Jasmeet Kohli

Tuesday, 2 October 2018


Cost of "Not Improving" 


Just few weeks ago, General Electric (GE) was dropped for the first time from the Dow Jones Index in over 110 years. Also. GE happened to be the last original member of the group when Dow Jones started. If one looks at the The Dow Jones Index of 1995, one would find that about half of the companies there have been replaced with others in just last 20 years.

What it shows is that in today's rapidly changing business environment, an organization has to continuous keep on adapting itself to survive & be relevant in the marketplace. In spite of this, many organizations function at a very slow pace & in a very rigid manner not realizing that it can prove very costly in the long run. Delay in taking decisions, losing opportunities, waste in operational processes, wrong selection of people etc are the symptoms of the work culture of such organizations.

Such kind of working may be alright when things are alright but can be disastrous in case of any adverse conditions. This "Cost of Not Improving" in an organization's functioning, culture & mindset can threaten the very survival of the organization & also can make the organization severely suffer in the following ways:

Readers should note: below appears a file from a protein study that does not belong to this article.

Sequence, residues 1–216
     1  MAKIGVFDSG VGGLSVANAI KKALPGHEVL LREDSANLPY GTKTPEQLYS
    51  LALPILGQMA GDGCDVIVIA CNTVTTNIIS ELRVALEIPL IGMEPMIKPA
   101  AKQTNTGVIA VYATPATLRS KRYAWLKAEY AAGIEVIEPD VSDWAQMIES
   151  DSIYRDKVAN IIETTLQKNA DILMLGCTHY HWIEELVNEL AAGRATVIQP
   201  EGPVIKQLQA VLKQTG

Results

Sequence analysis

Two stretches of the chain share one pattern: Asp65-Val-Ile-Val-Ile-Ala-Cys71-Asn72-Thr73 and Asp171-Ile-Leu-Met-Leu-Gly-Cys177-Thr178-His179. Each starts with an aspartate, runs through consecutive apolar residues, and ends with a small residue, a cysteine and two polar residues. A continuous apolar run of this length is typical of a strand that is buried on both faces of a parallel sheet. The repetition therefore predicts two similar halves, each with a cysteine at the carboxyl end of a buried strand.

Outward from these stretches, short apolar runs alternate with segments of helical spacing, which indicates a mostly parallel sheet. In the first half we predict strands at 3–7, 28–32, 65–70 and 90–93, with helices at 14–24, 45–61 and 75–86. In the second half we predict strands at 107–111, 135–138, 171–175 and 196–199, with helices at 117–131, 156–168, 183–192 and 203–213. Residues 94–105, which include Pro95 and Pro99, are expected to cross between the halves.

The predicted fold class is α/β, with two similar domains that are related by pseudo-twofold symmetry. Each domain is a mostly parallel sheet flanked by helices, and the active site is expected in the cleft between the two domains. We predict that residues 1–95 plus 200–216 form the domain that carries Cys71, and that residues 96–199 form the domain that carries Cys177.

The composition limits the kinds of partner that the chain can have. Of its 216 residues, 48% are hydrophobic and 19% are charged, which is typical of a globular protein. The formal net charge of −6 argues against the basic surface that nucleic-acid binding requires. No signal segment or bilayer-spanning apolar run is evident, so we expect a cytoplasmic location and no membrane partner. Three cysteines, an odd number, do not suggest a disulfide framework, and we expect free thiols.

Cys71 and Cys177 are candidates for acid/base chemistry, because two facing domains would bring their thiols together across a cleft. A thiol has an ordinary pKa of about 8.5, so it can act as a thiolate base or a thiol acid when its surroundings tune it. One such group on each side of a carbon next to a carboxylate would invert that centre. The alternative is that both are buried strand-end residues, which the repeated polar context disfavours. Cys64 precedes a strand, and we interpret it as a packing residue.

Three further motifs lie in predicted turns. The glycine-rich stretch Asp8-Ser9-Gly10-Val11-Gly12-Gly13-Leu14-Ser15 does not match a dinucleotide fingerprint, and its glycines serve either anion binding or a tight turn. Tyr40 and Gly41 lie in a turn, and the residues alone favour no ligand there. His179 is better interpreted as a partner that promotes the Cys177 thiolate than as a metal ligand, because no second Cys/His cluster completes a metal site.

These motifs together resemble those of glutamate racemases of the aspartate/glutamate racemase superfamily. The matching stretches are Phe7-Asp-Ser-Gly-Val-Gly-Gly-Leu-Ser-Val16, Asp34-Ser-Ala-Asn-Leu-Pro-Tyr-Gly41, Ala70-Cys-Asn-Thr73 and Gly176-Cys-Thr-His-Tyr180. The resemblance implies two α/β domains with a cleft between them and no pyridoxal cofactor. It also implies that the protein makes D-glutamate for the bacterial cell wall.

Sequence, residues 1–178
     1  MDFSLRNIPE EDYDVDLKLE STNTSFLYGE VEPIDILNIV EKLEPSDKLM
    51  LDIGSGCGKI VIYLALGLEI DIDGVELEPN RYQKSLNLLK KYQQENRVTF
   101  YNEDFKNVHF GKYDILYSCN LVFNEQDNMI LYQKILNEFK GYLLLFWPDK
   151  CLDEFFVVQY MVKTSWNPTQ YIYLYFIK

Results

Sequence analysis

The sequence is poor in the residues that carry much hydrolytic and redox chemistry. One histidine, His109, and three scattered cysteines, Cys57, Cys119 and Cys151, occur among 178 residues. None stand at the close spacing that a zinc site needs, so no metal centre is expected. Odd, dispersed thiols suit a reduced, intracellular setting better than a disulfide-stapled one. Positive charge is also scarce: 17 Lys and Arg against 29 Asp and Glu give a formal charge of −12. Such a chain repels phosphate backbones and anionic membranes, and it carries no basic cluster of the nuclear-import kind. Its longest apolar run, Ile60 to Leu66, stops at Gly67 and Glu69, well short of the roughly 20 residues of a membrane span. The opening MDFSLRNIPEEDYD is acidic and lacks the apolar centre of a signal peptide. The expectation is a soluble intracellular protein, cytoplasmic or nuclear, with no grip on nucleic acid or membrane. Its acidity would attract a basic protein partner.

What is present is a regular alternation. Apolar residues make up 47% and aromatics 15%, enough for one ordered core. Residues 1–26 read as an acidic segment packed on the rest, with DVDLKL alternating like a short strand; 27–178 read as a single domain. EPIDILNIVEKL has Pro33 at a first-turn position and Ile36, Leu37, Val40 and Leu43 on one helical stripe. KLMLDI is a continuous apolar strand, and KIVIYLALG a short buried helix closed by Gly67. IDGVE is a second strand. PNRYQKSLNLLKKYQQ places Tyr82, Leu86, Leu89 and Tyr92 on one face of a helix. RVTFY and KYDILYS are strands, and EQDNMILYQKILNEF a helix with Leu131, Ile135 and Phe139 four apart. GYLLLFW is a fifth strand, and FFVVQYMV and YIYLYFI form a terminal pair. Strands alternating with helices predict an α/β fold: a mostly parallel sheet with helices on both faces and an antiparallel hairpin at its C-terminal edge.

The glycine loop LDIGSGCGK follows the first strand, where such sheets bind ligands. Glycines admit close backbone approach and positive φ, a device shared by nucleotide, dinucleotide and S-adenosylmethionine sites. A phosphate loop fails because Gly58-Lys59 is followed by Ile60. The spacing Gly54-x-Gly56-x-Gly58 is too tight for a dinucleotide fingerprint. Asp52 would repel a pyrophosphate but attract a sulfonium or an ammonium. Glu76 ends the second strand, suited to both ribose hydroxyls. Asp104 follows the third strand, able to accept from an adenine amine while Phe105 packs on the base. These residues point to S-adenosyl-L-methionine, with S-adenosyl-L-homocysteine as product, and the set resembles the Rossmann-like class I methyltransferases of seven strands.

• Slow decision making due to multiple layers of decision making or due to a "person specific approach" rather than a "process specific approach" could result in costly delays in taking critical business decisions
  • Not taking timely actions, thus encouraging a "bureaucratic culture" in the organization which encourages just pushing files from one desk to another, rather than approving them quickly
  • People at important positions are appointed or selected based more on "personal preferences" or "personal connections" rather than their abilities, qualifications or experience
  • Cost escalations due to delay in decision making
  • Taking temporary short-term measures for long term problems
  • Doing patchwork solutions where deep surgery is required
  • Taking action only after a problem becomes a crisis
  • Not keeping up with the competitors product offerings & decisions even if its affecting your own business, branding & market share
  • Giving low priority to preventive measures to address problems
  • Not taking suitable action to maintain your competitive edge in the market
  • Lost opportunities due to lack of timely decisions & action  
  • Endlessly waiting for information    
  • Very less or lack of interaction with vendors severely undermining their own capabilities & advantages.  

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